Further, there are a number of passages where Jesus is “raised” without an agent mentioned, and most biblical commentators refer to these as “divine passives”, i.e. a passive verb where it is implied God is the agent. These are mostly in the Gospels before the resurrection. Some examples of this: Matt. 16:21; 17:9; 17:23; 20:19; 26:32; Mark 14:28; Luke 9:22; John 2:22; 21:14; Rom 6:9-10; 7:4; 8:34; 1 Cor. 15:4; 2 Cor. 5:15

This idea of Jesus raising himself is largely rooted in John 2:19: "Destroy this temple, and in three days I will raise it up."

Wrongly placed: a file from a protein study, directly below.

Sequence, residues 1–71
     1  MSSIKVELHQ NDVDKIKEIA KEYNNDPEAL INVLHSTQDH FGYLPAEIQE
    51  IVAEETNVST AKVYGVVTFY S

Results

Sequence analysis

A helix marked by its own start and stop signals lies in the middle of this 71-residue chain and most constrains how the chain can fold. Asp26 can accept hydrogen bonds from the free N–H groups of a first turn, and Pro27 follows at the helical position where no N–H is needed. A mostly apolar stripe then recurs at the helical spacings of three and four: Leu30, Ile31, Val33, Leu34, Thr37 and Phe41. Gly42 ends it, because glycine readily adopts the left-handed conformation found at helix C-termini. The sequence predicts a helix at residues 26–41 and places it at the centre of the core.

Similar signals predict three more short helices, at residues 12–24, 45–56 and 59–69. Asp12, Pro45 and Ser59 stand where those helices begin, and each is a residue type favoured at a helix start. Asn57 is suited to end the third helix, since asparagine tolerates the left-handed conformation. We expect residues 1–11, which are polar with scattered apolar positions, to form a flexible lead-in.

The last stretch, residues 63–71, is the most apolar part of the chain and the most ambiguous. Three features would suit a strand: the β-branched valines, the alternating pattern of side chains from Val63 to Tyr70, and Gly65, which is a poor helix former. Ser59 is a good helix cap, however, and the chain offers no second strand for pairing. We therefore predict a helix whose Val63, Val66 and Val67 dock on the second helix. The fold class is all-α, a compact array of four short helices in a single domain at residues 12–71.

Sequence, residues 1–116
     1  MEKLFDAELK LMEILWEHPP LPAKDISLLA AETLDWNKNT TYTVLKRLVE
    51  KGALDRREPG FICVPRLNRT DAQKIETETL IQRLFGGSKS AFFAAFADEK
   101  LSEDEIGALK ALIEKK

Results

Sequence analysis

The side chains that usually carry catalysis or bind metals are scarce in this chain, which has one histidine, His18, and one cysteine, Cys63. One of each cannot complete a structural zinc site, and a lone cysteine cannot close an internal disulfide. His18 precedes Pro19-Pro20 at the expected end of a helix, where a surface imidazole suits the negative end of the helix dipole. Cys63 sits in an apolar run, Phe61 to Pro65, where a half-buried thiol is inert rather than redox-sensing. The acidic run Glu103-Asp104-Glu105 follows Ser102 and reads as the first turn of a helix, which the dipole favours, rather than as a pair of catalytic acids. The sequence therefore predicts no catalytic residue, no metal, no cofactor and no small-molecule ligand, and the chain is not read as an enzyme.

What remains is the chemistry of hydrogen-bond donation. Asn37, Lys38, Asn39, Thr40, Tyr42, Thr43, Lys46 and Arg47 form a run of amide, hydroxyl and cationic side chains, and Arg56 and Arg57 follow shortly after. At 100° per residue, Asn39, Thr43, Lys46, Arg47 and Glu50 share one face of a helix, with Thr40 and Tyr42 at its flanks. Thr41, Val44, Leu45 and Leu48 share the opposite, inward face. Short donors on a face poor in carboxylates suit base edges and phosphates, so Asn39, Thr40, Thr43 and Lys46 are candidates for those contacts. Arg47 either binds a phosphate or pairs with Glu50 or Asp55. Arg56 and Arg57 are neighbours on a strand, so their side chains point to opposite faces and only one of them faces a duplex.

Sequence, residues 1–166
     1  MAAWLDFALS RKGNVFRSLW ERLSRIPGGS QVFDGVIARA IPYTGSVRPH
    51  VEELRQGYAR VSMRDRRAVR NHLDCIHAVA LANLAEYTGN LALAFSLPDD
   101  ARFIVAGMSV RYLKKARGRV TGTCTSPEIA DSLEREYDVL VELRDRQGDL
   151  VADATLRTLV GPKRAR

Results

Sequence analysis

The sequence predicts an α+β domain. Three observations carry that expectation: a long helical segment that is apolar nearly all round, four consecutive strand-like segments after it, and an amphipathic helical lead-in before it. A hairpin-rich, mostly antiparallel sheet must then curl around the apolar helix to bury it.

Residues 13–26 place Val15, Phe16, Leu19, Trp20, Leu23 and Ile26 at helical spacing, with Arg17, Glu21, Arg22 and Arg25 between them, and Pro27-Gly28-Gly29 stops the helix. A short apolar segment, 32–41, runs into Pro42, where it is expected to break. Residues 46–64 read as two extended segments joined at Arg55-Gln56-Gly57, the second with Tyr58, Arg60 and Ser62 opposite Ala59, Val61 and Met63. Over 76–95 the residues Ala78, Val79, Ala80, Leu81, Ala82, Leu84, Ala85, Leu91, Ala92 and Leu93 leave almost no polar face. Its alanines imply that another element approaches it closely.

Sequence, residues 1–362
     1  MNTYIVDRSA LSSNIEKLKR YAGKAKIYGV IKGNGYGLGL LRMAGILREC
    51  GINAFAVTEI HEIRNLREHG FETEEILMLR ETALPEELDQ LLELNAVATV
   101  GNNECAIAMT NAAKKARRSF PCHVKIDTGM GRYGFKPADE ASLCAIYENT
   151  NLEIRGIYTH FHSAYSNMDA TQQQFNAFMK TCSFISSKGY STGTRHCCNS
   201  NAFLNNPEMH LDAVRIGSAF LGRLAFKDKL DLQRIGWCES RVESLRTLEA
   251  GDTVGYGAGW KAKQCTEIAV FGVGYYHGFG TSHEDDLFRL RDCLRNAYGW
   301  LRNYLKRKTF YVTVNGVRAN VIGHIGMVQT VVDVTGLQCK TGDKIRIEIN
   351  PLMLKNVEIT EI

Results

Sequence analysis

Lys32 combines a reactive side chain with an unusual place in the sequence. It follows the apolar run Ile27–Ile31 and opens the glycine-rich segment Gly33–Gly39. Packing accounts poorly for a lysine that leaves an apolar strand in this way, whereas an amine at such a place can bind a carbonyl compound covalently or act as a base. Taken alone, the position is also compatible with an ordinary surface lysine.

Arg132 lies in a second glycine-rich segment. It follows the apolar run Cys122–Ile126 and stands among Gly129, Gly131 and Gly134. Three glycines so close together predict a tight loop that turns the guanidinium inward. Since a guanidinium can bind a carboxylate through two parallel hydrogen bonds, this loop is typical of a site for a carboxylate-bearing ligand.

This might mean that Jesus was saying he himself by his own divinity would raise himself (that certainly is the more clear meaning from the words), but John explains Jesus’ statement in John 2:22 by using a divine passive: the disciples understood what Jesus was saying after “He was raised from the dead”. Further, given the overall context of John (that Jesus was living in submission to the Father’s will, John emphasizes this far more than the synoptics), I think Jesus’ point was more inclusive: he was going to be raised because he was doing the work of the Father and the resurrection was a part of God’s will.